beat, in that realm of shadows which lies behind the Norman Conquest;
"Spes hominum caecos, morbos, votumque, labores,
Et passim toto volitantes aethere curas." 2
I have thus been faithful to the leading historical incidents in the grand
tragedy of Harold, and as careful as contradictory evidences will permit, both as
to accuracy in the delineation of character, and correctness in that
chronological chain of dates without which there can be no historical
philosophy; that is, no tangible link between the cause and the effect. The
fictitious part of my narrative is, as in "Rienzi," and the "Last of the Barons,"
confined chiefly to the private life, with its domain of incident and passion,
which is the legitimate appanage of novelist or poet. The love story of Harold
and Edith is told differently from the well-known legend, which implies a less
pure connection. But the whole legend respecting the Edeva faira (Edith the
fair) whose name meets us in the "Domesday" roll, rests upon very slight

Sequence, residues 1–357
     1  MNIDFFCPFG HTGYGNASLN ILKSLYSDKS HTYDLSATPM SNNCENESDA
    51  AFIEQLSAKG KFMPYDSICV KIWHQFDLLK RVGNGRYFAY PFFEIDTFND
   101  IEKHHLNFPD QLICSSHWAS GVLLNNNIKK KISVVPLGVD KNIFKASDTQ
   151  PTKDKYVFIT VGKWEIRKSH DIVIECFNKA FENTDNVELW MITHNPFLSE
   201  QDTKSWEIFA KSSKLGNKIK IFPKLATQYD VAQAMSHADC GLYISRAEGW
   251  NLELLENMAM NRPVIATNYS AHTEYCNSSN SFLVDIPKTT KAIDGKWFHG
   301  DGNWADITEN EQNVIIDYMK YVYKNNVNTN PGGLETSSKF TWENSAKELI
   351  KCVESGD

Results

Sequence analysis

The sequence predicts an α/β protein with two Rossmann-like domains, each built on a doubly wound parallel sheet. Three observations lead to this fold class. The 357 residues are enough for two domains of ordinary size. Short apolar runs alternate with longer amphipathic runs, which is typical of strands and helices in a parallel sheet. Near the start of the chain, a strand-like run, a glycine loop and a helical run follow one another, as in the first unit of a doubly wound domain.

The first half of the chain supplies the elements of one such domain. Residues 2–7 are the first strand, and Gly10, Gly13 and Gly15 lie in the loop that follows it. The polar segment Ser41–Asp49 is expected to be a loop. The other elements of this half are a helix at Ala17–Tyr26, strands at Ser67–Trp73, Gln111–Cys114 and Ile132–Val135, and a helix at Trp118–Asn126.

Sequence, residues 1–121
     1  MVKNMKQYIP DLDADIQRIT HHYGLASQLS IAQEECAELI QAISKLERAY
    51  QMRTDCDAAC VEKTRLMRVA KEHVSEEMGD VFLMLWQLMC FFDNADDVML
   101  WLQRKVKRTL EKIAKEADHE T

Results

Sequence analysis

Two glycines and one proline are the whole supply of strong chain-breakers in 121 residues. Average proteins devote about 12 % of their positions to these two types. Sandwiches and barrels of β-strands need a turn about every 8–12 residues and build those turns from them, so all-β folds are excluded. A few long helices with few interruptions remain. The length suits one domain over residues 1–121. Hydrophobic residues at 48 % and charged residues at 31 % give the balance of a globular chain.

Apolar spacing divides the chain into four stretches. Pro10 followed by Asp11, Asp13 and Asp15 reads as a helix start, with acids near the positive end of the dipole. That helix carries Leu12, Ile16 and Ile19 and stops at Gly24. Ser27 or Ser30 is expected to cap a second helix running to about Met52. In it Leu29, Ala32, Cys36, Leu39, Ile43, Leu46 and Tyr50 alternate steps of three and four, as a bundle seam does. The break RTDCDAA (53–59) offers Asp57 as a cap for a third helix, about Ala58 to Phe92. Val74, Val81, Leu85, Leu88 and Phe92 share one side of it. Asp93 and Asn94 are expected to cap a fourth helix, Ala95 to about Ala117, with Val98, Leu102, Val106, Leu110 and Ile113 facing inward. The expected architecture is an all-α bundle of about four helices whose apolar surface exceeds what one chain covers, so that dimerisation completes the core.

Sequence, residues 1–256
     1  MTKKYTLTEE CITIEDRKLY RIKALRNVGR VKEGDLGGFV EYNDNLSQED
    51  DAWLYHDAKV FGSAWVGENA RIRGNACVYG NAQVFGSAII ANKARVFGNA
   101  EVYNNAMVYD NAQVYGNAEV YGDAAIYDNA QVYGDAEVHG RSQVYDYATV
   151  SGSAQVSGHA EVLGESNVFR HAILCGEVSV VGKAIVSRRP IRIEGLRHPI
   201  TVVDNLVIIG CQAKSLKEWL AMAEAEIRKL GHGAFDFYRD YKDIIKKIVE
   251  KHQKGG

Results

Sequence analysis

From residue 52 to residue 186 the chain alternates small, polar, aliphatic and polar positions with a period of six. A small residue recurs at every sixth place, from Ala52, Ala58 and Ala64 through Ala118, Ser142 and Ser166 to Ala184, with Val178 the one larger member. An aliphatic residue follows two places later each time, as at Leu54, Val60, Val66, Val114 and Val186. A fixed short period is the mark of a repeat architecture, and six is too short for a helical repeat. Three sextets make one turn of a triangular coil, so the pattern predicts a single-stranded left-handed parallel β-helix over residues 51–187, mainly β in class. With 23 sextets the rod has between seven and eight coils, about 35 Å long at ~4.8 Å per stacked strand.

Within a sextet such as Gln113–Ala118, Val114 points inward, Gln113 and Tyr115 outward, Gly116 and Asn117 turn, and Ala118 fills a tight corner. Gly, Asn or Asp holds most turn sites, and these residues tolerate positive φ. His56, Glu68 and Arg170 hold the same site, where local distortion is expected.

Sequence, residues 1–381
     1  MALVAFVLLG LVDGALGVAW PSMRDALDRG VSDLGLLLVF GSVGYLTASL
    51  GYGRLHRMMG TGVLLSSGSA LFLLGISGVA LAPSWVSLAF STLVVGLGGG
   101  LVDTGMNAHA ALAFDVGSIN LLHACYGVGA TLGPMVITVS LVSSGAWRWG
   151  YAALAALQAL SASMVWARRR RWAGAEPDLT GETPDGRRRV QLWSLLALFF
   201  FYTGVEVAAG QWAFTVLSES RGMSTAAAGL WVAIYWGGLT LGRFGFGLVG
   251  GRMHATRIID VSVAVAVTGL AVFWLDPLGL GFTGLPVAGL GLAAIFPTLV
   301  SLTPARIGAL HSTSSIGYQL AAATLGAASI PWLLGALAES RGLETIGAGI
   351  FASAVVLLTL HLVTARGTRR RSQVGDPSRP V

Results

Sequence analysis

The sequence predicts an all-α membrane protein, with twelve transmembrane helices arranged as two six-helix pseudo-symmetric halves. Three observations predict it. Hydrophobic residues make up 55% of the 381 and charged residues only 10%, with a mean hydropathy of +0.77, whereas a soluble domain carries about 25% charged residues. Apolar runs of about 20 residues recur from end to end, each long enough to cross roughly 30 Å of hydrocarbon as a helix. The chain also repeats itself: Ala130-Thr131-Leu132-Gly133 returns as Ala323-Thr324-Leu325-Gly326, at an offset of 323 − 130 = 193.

authority considering its popular acceptance 3; and the reasons for my
alterations will be sufficiently obvious in a work intended not only for general
perusal, but which on many accounts, I hope, may be entrusted fearlessly to the
young; while those alterations are in strict accordance with the spirit of the time,
and tend to illustrate one of its most marked peculiarities.
More apology is perhaps due for the liberal use to which I have applied the
superstitions of the age. But with the age itself those superstitions are so
interwoven—they meet us so constantly, whether in the pages of our own
chroniclers, or the records of the kindred Scandinavians—they are so intruded
into the very laws, so blended with the very life, of our Saxon forefathers, that